Edibles vs. Smoking: Ingesting Marijuana

Edibles vs. Smoking

Gone are the days when your only option to ingest marijuana was to buy a bag of weed on the street and light that good in a thin glass pipe or roll a joint from short papers.

The advancement in cannabinoid extractions have made it possible to deliver the desired amount of THC and CBD without having to inhale the smoke.

In fact, people have been infusing cannabis into different food and beverages for centuries, but now it seems the abundance and popularity of weed edibles are close to reaching the mountain top.

Still, some people prefer to smoke their herbs because they enjoy the ritual or just don’t like to wait for the effects of edibles.

If you’re still hesitating on which method to choose, we’re here to help you with our guide. This article will highlight the most important differences between edibles vs. smoking so that you can make a well-informed decision.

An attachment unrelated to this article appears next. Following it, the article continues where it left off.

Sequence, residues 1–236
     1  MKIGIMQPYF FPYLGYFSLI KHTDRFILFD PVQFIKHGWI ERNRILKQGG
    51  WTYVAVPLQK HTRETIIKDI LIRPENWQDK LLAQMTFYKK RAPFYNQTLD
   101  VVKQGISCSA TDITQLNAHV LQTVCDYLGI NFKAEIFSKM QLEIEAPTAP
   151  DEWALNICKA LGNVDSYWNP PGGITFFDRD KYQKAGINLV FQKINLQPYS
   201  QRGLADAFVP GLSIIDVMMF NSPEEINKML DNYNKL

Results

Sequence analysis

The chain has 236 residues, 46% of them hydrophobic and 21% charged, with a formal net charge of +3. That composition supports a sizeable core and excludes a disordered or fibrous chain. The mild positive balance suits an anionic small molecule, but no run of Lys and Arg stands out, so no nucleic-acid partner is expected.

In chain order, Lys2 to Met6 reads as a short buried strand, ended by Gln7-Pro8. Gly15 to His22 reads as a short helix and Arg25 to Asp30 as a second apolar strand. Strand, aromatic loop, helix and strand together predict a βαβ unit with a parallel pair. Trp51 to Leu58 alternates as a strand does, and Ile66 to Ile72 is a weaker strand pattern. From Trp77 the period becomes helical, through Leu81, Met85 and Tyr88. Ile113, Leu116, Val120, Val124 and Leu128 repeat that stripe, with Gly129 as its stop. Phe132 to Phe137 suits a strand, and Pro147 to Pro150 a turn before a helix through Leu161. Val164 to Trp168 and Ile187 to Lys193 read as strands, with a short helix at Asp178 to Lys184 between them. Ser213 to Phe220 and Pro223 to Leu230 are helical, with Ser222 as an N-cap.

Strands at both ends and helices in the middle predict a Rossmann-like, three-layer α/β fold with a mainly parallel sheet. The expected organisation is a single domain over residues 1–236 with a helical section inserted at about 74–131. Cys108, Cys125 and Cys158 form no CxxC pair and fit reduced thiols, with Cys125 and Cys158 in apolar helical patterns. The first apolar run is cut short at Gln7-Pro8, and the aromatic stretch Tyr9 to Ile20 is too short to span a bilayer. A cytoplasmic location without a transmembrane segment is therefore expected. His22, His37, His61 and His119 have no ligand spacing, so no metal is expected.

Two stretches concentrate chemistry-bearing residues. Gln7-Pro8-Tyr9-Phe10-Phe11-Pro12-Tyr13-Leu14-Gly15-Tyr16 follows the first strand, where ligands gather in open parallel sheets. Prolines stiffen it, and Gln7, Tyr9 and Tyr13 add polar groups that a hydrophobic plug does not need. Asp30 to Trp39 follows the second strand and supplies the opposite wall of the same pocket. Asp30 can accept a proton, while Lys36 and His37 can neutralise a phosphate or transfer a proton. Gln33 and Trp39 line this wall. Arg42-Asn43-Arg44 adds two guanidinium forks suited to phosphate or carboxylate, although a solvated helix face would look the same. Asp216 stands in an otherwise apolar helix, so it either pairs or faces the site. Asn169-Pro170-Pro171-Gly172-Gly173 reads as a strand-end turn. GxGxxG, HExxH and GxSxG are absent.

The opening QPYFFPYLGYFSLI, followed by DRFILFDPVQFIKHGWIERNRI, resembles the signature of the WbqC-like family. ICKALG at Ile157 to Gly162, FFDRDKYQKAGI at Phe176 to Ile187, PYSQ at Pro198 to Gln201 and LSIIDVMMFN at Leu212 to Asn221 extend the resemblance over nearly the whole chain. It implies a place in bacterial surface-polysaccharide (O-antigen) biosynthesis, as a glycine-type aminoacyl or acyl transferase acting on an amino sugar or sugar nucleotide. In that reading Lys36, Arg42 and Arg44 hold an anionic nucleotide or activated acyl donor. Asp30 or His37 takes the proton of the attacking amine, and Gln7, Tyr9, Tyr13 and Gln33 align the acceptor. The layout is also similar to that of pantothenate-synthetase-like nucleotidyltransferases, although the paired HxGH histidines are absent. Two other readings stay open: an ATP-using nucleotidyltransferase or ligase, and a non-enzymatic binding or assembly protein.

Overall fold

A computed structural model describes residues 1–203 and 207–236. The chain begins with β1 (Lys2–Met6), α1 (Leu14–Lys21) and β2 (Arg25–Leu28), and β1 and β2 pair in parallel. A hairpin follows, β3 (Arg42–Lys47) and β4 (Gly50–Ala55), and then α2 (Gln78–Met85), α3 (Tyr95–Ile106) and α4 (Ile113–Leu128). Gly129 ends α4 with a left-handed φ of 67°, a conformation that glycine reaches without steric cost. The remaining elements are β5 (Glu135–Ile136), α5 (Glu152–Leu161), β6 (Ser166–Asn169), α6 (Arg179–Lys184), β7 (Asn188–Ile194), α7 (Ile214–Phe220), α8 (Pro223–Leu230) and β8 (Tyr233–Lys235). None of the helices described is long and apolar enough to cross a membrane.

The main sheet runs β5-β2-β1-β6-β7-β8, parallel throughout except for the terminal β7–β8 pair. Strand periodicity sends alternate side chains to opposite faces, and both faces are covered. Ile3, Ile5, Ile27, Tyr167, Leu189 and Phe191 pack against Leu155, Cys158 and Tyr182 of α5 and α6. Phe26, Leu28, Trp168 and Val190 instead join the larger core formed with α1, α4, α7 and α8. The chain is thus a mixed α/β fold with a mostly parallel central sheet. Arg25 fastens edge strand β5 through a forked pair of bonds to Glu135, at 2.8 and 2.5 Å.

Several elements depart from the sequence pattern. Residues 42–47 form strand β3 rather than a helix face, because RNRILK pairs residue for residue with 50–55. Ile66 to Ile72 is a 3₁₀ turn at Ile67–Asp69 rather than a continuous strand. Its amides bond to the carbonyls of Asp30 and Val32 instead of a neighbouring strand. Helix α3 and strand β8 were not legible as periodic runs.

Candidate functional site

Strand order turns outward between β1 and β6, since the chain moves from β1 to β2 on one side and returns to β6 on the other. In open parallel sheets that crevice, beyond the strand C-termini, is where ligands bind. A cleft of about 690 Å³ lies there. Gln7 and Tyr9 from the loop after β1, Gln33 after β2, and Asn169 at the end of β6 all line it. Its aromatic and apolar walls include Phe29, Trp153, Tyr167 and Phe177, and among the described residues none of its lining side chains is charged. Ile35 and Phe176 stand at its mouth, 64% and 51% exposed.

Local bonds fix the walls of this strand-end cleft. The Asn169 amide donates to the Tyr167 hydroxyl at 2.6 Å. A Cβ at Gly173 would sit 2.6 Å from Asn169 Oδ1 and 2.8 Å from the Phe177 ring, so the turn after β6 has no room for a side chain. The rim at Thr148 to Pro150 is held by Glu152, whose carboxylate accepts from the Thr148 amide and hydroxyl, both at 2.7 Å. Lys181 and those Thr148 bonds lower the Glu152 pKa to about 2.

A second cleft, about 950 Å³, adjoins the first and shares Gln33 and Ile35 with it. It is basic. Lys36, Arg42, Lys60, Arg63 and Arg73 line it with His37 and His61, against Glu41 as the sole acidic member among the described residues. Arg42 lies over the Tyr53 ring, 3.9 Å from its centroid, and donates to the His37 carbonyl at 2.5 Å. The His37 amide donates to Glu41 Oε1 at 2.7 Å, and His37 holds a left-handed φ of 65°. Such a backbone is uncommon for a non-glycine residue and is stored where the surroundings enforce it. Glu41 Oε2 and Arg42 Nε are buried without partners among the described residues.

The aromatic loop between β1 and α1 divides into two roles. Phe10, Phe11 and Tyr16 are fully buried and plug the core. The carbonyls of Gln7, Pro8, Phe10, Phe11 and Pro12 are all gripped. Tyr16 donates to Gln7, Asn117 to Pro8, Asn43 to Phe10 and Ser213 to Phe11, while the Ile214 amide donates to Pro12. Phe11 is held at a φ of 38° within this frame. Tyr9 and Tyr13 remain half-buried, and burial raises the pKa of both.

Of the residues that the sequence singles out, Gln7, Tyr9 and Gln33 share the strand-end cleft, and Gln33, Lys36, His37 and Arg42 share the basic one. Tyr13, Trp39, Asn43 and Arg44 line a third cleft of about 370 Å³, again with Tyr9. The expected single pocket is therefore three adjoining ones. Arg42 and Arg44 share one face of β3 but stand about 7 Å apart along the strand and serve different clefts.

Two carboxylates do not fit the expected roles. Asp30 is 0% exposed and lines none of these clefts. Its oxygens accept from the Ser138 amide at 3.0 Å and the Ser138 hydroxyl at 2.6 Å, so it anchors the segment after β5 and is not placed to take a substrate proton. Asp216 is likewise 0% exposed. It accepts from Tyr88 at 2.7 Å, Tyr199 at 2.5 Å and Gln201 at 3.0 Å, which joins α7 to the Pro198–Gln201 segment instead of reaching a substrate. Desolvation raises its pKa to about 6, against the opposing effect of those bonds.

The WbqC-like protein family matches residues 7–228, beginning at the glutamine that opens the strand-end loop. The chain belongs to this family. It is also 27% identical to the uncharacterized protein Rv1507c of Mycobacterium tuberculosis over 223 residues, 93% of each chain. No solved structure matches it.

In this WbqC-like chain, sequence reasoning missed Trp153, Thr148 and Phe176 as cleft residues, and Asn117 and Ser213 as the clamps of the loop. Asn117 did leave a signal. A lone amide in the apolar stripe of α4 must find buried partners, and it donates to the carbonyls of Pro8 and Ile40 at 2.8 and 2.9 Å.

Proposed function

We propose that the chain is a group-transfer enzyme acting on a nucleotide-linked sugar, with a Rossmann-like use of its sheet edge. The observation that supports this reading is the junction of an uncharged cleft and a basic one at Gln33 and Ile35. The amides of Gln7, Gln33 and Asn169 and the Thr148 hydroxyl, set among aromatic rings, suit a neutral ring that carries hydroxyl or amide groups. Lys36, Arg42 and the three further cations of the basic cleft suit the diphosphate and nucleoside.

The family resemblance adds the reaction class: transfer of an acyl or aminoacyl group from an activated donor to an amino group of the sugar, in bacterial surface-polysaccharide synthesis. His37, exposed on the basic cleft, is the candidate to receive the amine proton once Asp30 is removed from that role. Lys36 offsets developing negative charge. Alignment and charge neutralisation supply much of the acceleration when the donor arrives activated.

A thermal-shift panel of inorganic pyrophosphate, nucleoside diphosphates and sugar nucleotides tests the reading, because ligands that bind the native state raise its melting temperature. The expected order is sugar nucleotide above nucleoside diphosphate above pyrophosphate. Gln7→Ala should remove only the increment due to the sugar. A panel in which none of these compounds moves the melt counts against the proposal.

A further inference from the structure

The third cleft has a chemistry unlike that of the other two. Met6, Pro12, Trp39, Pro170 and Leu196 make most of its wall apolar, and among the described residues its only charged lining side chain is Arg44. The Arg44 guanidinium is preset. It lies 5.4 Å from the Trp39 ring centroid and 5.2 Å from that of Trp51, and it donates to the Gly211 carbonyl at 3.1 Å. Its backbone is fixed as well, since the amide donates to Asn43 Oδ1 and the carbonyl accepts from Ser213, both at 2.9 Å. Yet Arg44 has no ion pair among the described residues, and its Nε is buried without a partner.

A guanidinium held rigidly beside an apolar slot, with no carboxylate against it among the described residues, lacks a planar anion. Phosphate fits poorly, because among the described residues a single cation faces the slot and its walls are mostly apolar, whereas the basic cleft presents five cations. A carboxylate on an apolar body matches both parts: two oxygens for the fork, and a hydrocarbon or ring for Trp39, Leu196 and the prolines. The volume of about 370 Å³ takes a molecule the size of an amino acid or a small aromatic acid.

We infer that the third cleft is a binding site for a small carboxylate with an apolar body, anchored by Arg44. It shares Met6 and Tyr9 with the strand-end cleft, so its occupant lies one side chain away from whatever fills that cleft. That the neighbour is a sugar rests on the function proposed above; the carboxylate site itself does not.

Overview of the Differences Between Smoking vs. Edibles

This section will focus on discussing the key differences between edibles vs. smoking. The key areas where these two differ the most are the route of administration, onset of effects and their duration, as well as the type of high.

There’s one more aspect worth highlighting — and we’re going to talk about it in the first place.


The bioavailability of any given chemical is measured by the percentage of this substance that eventually enters a person’s system. 

Unfortunately, studies show that oral cannabis products (e.g. edibles) have the lowest bioavailability of all consumption methods, clocking at around 20%, so in the best case scenario, you receive ⅕ th of the ingested cannabinoids.